Travis County Judge Sam Biscoe still isn’t allowing bars to reopen, based on the increasing number of COVID-19 cases, hospitalizations, and ICU bed and ventilator usages in Travis/Austin area. This decision is a continuation of the initial one made with Interim Health Authority-Travis County Dr. Mark Escott on October 14. The two will revisit this decision in two weeks again.
Judge Biscoe further explains the decision in a statement shared with Eater:
Unfortunately, we have not seen significant improvement in our hospital bed utilization or in the utilization of ICU beds. Furthermore, with school districts preparing to allow for additional in-person learning and the upcoming weekend celebrations [Ed. note: Halloween], we must be mindful of the increased public interaction that will take place as a result. For these reasons, it is my decision not to open bars.
In a separate memo clarifying his conclusion, Dr. Escott noted that, based on current COVID-19 numbers and projections, it appears as though Travis County will elevate into stage four of its risk-based guidelines by next week. He also cited the current COVID-19 crisis in El Paso (where the surge is so high that the county issued a curfew this week and hospitalizations have increased by 300 percent, as reported by Texas Tribune) as an indicator of what is happening. “The patterns across Texas create a very concerning picture for November and likely December for our state,” he writes.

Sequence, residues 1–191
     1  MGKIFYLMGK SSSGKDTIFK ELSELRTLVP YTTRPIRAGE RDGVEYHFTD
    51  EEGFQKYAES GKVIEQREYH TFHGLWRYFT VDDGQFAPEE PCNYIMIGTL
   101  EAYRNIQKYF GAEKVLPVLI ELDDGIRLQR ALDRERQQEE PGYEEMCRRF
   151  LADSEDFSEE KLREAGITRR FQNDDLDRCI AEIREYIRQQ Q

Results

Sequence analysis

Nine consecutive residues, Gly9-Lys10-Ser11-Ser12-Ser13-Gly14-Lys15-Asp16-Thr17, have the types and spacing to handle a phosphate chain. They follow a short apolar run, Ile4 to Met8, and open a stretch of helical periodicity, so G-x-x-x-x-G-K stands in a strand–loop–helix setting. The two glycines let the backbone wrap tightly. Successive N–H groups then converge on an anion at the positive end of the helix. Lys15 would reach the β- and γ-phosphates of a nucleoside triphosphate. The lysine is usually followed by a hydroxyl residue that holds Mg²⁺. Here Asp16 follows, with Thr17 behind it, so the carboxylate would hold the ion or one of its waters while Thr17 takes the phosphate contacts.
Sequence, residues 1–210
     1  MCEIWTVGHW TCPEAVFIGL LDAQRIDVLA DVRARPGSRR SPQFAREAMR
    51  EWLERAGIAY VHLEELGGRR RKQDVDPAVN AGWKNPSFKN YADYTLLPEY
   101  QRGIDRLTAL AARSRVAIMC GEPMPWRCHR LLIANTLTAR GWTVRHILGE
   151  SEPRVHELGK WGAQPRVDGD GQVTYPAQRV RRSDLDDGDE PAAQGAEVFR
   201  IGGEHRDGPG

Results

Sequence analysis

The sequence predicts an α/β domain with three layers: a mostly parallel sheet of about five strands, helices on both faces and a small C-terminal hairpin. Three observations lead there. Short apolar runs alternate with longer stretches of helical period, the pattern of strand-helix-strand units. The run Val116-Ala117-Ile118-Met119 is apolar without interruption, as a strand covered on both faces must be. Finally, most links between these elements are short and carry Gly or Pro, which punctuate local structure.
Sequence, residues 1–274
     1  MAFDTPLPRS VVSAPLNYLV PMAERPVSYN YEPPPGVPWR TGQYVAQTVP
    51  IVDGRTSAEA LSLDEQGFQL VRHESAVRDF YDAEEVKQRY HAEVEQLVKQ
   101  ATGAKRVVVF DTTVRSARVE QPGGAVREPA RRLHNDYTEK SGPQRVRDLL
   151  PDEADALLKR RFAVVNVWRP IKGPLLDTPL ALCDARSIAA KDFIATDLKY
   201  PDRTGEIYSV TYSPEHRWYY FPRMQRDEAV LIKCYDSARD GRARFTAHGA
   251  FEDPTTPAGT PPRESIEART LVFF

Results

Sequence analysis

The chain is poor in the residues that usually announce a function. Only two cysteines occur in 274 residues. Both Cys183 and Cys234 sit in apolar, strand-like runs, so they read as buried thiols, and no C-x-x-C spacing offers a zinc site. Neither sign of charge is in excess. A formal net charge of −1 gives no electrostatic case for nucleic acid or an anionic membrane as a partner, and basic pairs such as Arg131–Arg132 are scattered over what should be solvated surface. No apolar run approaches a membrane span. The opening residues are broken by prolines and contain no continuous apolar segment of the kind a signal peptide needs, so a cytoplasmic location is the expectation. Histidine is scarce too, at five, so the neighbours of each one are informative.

Earlier this month, Texas Gov. Greg Abbott issued an executive order allowing bars to reopen, but only under the permission of county judges. Biscoe was one of the few judges that declined, but noted at the time that he and Dr. Escott re-examine updated numbers to see if it’s possible to reopen bars in late October.
Travis County is currently one of the few Texas counties that hasn’t allowed bars to reopen in their regions, along with Harris and Dallas counties. However, many of the areas surrounding Austin have allowed bars to reopen already.
It also should be noted that this decision applies to businesses that make more than 51 percent of their sales from alcohol. However, the Texas Alcoholic Beverage Commission allowed these businesses to reapply for food permitting based on new sales calculations and/or ramping up food sales by adding food trucks, etc., which would let them reopen for on-site services.